means “‘trifling’ or ‘[e]xisting in name only.’ Black’s Law Dictionary 1148 (9th ed. 2009).” Id.
The plain language of the Release entered into between the parties follows the definition of a
nominal party as determined by the Fourth Circuit and clearly states that FTL remains “in this civil
action in name only, for the sole purpose of allowing Plaintiff to seek additional insurance
coverage for the subject accident and any extra-contractual damages to which FTL may be
entitled.” (ECF No. 1-1 (emphasis in original).) The Release further prevents Plaintiff from
seeking any compensation from or executing any civil action judgments against FTL. (Id.) The
Release ultimately keeps FTL in any potential civil action in name only and precludes FTL from
incurring any potential financial liability in the civil action at hand. Therefore, FTL falls under
the “in name only” definition as articulated by the Fourth Circuit, thus rendering FTL a nominal
party to this action.
Furthermore, the proposition that FTL is a real party in interest because a declaratory
judgment would apply to both FTL and NCC is incorrect. This suit will be wholly resolved
through immediate consequences to Plaintiff and NCC only. Should NCC seek reimbursement
from FTL if NCC were found liable for payment to Plaintiff, it would be sought and/or litigated
following a final decision of this Court, not during or within this action. It appears that no
decision of this Court would require FTL to incur any financial liability in the instant controversy;
only NCC would be required to pay Plaintiff. (See ECF Nos. 1-1, 9 at 8–10.)
Plaintiff additionally argues that FTL is not fraudulently joined because the “declaratory
judgment applies with equal force to both NCC and FTL, as either Defendant may be required to
provide payment to Plaintiff should the Form MCS-90 ultimately provide coverage.” (ECF No.
6 at 6–7.) Plaintiff maintains that there is a possibility that she may receive payment from either
FTL or NCC, thus preventing FTL from being categorized as a fraudulently joined party. The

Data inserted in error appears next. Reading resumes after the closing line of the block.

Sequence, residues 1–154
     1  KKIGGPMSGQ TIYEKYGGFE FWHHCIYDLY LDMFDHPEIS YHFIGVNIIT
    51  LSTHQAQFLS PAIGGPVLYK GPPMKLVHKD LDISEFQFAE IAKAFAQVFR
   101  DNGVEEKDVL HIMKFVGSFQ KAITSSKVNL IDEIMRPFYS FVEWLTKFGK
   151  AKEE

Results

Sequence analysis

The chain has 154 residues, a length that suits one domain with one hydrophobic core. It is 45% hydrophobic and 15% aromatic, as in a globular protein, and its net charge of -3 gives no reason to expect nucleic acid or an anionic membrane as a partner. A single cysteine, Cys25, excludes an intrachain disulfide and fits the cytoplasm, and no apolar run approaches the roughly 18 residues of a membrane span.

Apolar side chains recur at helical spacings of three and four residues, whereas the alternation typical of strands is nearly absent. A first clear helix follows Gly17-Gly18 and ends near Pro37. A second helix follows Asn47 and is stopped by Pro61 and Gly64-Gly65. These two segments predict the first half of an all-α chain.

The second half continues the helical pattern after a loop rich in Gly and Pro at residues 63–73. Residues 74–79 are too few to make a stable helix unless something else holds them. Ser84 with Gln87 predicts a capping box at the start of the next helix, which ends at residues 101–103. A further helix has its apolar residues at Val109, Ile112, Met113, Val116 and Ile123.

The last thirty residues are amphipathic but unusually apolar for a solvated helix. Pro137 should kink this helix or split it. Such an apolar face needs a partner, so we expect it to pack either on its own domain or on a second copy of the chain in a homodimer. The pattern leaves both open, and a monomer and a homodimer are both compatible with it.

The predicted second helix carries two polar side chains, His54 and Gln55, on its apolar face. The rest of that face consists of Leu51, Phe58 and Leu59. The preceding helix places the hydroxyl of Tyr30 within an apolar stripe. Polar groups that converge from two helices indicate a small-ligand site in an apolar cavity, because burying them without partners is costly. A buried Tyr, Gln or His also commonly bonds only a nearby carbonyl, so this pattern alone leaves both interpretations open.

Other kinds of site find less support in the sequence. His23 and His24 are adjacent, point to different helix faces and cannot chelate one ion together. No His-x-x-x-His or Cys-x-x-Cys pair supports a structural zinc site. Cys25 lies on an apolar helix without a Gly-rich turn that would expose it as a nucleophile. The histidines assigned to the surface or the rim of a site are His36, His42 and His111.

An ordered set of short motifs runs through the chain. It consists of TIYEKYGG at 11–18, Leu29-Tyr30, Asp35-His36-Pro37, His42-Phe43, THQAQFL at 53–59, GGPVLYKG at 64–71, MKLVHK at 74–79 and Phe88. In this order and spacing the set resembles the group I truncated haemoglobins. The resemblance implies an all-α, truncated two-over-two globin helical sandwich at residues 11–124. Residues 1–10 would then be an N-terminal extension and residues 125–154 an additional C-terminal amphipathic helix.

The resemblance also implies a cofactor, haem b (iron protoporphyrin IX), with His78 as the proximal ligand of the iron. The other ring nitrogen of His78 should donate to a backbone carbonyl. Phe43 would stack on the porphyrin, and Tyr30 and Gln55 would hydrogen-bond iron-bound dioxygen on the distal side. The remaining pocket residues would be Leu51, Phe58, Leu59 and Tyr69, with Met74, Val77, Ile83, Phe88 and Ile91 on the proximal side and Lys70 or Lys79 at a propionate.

Court rejects this conclusion. Based on the Release, (ECF No. 1-1), as discussed supra, no
decision of this Court would require FTL to incur any financial liability; only NCC would be
required to pay Plaintiff. Thus, even considering the rigorous standard of fraudulent joinder,
Plaintiff cannot maintain a cause of action here that would satisfy the standard and allow Plaintiff
to receive payment from FTL. This Court is unable to reasonably infer a cause of action against
FTL based on the allegations in the Complaint and can only conclude that FTL, as a non-diverse
defendant, was added to defeat or avoid this Court’s jurisdiction.
Therefore, the Court finds that
FTL is fraudulently joined.
Plaintiff also argues that FTL’s failure to join in the Notice of Removal violates the Rule
of Unanimity. However, because the Court finds that FTL is a nominal party, the Rule of
Unanimity is not violated because the consent of a nominal party is not required to effectuate
proper removal. Hartford Fire Ins. Co, 736 F.3d at 259.
Therefore, because this Court finds that FTL is a nominal and fraudulently joined party,
satisfying the diversity requirement, the Court will not address the issue of federal question.
Furthermore, because this Court finds that removal was proper, attorney fees are not appropriate
pursuant to 28 U.S.C. § 1447(c). Accordingly, the Court DENIES Plaintiff’s Motion to Remand
and For Attorney Fees. (ECF No. 6.)
IT IS SO ORDERED.
The Court DIRECTS the Clerk to send a copy of this Order to counsel of record and any
February 7, 2018